Within the sight of diners at an open kitchen bar, doughy wrappers are stuffed with savory fillings by the practiced hands of Royal China's "dumpling ladies." In Yu-Xia Zhong's hometown in northeastern China, everyone knows how to make dumplings—young, old, male, female—because the jiaozi make up the main part of the region’s diet. And before Hwa-Juan Shen and her husband immigrated to the United States, they owned a restaurant in Shanghai where she perfected her dumpling-making technique. The women join forces at one of Dallas's oldest Chinese restaurants, where they churn out the specialty dish, xiao-long-bao, also known as soup dumplings. They hand-stuff each tiny envelope with pork, chicken, shrimp, or vegetables before steaming them.
Royal China opened in 1974, a joint venture between a retired Chinese army colonel and attaché and a Taiwanese chef. Many of the restaurant’s original customers continue to fill its tables in search of both traditional and inventive Chinese fare. While one staffer hand-pulls noodles to make the city of Lanzhou’s signature soup, another bedecks wontons with shrimp, avocado, and Asian mustard to make the house's version of tostadas. The chef’s specialties include a classic, Beijing-style crispy duck and a seafood hot pot reminiscent of the jacuzzi at King Triton’s castle. Though the kitchen may present a blend of new and old, the restaurant itself is fully modern—the Dallas Observer named Royal China's 2008 renovation the Best Iconic Eatery Makeover.
The Purple Cow is your spot for gourmet burgers, hand-dipped shakes and diner specialties, along with regional favorites you won’t find anywhere else. As if that weren’t enough, our friendly service and fun atmosphere make every visit an event to remember!
The tradition of Sonny Bryan?s award-winning barbecue started more than a century ago on February 13, a date that would become circled on the calendar again and again throughout Bryan?s Barbecue history. February 13, 1910, marked the opening of Elias Bryan?s Oak Cliff restaurant, Bryan's Barbecue. Exactly 20 years later to the day, his eldest son, William ?Red? Jennings Bryan, launched his own restaurant. When February 13 rolled around again 28 years later, Elias? grandson, William "Sonny" Jennings Bryan Jr., and his wife, Joanne, opened another restaurant, the first Sonny Bryan?s Smokehouse.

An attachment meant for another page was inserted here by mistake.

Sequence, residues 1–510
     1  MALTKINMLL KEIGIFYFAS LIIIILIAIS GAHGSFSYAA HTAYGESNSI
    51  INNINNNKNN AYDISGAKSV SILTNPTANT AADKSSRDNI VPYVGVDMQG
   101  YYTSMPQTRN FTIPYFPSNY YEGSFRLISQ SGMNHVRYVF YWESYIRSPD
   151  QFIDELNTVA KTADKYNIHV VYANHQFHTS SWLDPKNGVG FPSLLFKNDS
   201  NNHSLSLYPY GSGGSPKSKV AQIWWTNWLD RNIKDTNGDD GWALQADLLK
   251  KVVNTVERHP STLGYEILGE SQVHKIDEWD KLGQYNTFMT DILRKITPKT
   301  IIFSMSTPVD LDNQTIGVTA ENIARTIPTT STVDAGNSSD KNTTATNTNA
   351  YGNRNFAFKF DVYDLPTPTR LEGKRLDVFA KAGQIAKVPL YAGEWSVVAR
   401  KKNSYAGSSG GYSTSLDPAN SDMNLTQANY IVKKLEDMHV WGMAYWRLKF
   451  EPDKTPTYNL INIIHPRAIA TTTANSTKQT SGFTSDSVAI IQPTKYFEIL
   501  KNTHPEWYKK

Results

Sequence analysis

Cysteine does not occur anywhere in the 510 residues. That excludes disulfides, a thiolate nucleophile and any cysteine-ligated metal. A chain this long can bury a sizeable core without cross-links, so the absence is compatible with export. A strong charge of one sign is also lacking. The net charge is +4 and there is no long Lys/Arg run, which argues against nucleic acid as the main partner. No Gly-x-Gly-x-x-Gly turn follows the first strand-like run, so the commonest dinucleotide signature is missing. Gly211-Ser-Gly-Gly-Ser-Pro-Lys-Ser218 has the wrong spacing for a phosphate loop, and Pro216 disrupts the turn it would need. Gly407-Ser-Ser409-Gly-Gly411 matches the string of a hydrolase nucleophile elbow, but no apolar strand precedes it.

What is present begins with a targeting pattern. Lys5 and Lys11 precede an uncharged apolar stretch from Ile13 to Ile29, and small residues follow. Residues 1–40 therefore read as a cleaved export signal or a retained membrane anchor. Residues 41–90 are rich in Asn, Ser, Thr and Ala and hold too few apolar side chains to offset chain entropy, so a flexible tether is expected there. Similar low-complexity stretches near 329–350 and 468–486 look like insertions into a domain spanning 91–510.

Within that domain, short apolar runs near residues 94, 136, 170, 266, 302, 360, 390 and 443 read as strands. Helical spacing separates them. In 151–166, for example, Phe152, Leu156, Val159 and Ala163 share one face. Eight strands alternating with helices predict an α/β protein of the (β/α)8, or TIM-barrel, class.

Although a different Dallas family now manages multiple locations of the restaurant chain in the Dallas-Fort Worth area, the legendary barbecue lives on. Sonny Bryan's original barbecue sauce spices up its savory pulled meats and ribs, which have been devoured by famous entertainers, sports legends, and A-list celebrities alike. Sonny's seasoned chefs also cater heaps of smoked brisket and jalape?o sausage to parties and events.
Sonny Bryan's Smokehouse has been on the culinary radar since 1989, snapping up awards and publicity from Food Network, the Travel Channel?s Man V. Food Nation and 101 Tastiest Places to Chowdown, and Emeril Lagasse?s The Originals with Emeril. The modest joints have also earned some highbrow epicurean chops through a 2006 Zagat rating and a 2000 James Beard Foundation award for Culinary Excellence and Achievement.
Even though Ku Sushi & Japanese Cuisine’s sushi chefs put all of their techniques on display while working at an exposed sushi bar, diners don’t dare to attempt recreating the rolls at home. The inventions feature complex combinations of seafood, veggies, and special sauces, and many hit the deep fryer before being ushered out to tables. Among the menu’s many unusual sushi creations is the Cowboy roll in which marinated steak, avocado, and cucumber unify beneath a drizzle of sweet sauce applied with a saturated lasso. Behind the steam wafting from blistering grills, chefs also prepare hot entrees, including tender, barbecued short ribs and garlicky filet mignon with ginger sauce. Pours of imported Sapporo and Kirin Ichiban help to wash down the bitter pill of below-average chopstick skills.